Fred Wilson (@fredwilson)

Simply describes himself as a VC. He also posts some very interesting information on tech, politics, and of course, investing.

Also a big advocate of Twitter itself.

And that concludes my list of who to follow if you are an entrepreneur.

Following these people will ensure your daily feed is filled with useful, helpful, and insightful content – allowing you to build on your own entrepreneurial journey and success.

Know any more good Twitter accounts that small business owners should be following? Please share them in the comments below.


15 Ways for Small Business Owners to Improve Productivity


It means different things to different business owners.

Increasing sales by 10% for one small business may mean massive progress, whereas for the next, it could mean failure in relation to their objectives.

But one thing is for certain, everyone wants to make progress in what they are doing.

Whether it be growing sales, building new revenue channels, or just getting day-to-day tasks completed.

And to make this progress, we must be productive. We must consistently work towards our goals in an efficient, effective manner.

But how do you achieve consistently strong productivity?

A restless night or distractions can often cause your productivity to nosedive, so how do you pick your productivity back up-to-speed so you can maintain progress towards your goals?

Here’s 15 ways to improve your productivity as a small business owner.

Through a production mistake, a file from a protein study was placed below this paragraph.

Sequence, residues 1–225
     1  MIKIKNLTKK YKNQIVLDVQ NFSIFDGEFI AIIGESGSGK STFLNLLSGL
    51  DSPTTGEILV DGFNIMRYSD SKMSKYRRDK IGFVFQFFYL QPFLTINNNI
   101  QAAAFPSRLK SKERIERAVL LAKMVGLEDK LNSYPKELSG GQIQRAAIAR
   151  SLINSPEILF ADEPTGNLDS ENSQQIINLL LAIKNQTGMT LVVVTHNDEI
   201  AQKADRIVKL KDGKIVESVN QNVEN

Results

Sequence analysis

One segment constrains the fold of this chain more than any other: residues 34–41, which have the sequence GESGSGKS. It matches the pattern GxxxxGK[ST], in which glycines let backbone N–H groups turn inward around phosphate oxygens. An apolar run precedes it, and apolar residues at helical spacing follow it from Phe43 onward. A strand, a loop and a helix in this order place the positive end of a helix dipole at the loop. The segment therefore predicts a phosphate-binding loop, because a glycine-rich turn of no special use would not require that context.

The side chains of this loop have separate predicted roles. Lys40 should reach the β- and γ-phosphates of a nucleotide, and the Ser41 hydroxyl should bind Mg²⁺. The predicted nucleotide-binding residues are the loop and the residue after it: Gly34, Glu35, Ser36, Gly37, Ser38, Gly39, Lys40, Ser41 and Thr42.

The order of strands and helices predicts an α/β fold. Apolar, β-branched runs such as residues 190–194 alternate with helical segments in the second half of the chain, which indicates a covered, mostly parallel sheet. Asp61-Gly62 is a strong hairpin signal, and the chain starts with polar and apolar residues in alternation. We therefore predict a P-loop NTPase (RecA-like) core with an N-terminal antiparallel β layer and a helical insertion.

They are techniques I regularly employ as I juggle my responsibilities as a husband, father, CEO of Vitalife Group, my other businesses, property, this blog and my Udemy course.

The following techniques help me to maintain progress in all areas, and also to enjoy the journey – ensuring I have ample time to spend in my most important and enjoyable roles as husband and father.

Check and Respond to Emails Just Twice a Day (Maximum)

One of my biggest distractions is emails.

I’m normally working in a web browser on my laptop, with my email tabs for various accounts open constantly.

As soon as a new email drops in, it’s too tempting to come away from what I’m doing and check what it is!

Whilst I haven’t yet broken this habit of checking (I can’t ignore the anxiety of missing an urgent email – since almost all my communication with staff and other people is by this method), I have implemented the discipline to drop whatever it is into my ‘follow-ups’ folder (provided it isn’t absolutely urgent) and deal with my follow-ups for 1 hour at the end of each day.

This ensures that I can stay focused on what I’m working on, and am not constantly switching my attention to dealing with emails throughout the day.

When you allow your emails to take-over your day, you’ll reach the end of the day and not really feel like you have achieved anything – because you’ll have been flitting from micro-task to micro-task and not working towards your own, higher-level objectives for your business.

Not only do emails cause distraction and affect your immediate productivity, they also eventually lead you to lose motivation as you never get to feel the sense of achievement you gain when you complete a task or tick-off a to-do each day.

Let them wait for a reply. Your own objectives are more important.

Consistently Work Towards an Actionable To-Do List

To-Do lists allow you to direct your daily activities in-line with your higher-level business objectives.

They are effectively a bitesize, broken-down collection of micro-objectives that make up your longer-term business objectives.

Having a to-do list therefore not only guides you, daily, in the right direction, but it also helps to make longer-term objectives seem more achievable and maintains motivation as you work towards them since you can see real progress as you tick-off your to-dos.

I cover building actionable to-do lists from your higher-level objectives in my 4-week business course.